Even so, it is bigger than well-known Caribbean tourism destinations such as St Lucia, Antigua and Barbuda, Barbados, Grenada, Cayman Islands, St Kitts-Nevis, British Virgin Islands, Bermuda, and St Marten.
Two reasons account for Dominica being left behind by neighbouring Caribbean islands in the development of tourism. The first is that it has no white, sandy beaches - the iconic symbol of "Caribbean tourism"; and, second, it doesn't have an international airport. It is served by small aircraft operated by American Eagle from Puerto Rico, and LIAT for inter-island transportation.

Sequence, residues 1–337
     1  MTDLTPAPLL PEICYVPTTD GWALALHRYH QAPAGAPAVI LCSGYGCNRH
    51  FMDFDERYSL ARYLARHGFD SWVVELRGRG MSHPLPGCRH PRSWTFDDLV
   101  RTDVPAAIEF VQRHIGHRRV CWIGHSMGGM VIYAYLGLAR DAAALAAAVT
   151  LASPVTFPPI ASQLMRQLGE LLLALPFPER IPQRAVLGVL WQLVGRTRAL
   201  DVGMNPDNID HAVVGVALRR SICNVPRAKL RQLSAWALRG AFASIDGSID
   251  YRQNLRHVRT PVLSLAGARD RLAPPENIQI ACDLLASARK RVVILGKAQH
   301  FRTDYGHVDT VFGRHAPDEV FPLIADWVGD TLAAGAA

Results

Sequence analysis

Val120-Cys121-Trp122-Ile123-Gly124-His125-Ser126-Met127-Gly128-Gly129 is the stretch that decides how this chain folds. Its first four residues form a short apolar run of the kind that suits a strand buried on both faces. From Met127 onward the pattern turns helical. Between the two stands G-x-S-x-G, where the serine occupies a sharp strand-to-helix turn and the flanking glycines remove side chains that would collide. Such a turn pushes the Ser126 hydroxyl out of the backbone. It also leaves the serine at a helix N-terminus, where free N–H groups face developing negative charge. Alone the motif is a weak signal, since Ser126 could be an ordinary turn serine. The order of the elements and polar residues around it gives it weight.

Nonetheless, the island is a veritable garden of trees, plants, and colourful flowers. Much of it is luxuriant rain forest, majestic in its spread over mountain ranges and into lush valleys. The entire terrain is adorned by gushing waterfalls; narrow, flowing rivers and hot sulphur springs. Not surprisingly, it is home to hundreds of species of birds. Private operators in Dominica have also developed a vibrant whale-watching industry, taking advantage of the country's marine life, and providing an added attraction for its visitors. The island, therefore, is as an eco-tourism paradise.